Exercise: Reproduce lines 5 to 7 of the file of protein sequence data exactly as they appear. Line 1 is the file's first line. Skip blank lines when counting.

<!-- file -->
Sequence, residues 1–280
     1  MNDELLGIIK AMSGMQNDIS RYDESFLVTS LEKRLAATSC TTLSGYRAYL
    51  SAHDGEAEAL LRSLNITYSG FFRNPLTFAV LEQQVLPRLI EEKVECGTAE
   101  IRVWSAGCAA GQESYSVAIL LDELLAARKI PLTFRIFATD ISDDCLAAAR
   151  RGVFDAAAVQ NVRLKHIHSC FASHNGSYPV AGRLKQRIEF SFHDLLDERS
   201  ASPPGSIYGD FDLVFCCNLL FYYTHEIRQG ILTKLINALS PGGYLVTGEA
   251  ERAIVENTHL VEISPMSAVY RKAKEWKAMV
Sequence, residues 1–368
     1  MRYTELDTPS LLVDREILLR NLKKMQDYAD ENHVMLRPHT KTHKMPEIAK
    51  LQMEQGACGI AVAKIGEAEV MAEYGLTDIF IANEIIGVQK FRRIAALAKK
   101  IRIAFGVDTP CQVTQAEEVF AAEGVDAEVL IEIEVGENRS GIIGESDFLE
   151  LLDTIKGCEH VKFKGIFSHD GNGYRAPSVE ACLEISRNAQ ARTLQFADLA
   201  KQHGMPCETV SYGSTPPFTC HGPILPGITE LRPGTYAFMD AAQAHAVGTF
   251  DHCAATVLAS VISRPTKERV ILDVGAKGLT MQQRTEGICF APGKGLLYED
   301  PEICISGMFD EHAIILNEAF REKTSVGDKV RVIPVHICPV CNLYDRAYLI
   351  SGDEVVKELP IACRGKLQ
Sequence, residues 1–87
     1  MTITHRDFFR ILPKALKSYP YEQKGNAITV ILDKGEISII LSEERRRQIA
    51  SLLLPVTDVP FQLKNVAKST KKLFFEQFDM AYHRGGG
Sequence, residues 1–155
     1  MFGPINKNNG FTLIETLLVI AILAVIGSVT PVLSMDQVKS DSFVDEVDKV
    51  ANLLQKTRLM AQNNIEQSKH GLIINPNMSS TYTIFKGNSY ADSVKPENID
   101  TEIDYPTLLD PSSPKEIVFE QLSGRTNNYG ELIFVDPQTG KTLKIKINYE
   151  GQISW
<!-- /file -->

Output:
   151  RGVFDAAAVQ NVRLKHIHSC FASHNGSYPV AGRLKQRIEF SFHDLLDERS
   201  ASPPGSIYGD FDLVFCCNLL FYYTHEIRQG ILTKLINALS PGGYLVTGEA
   251  ERAIVENTHL VEISPMSAVY RKAKEWKAMV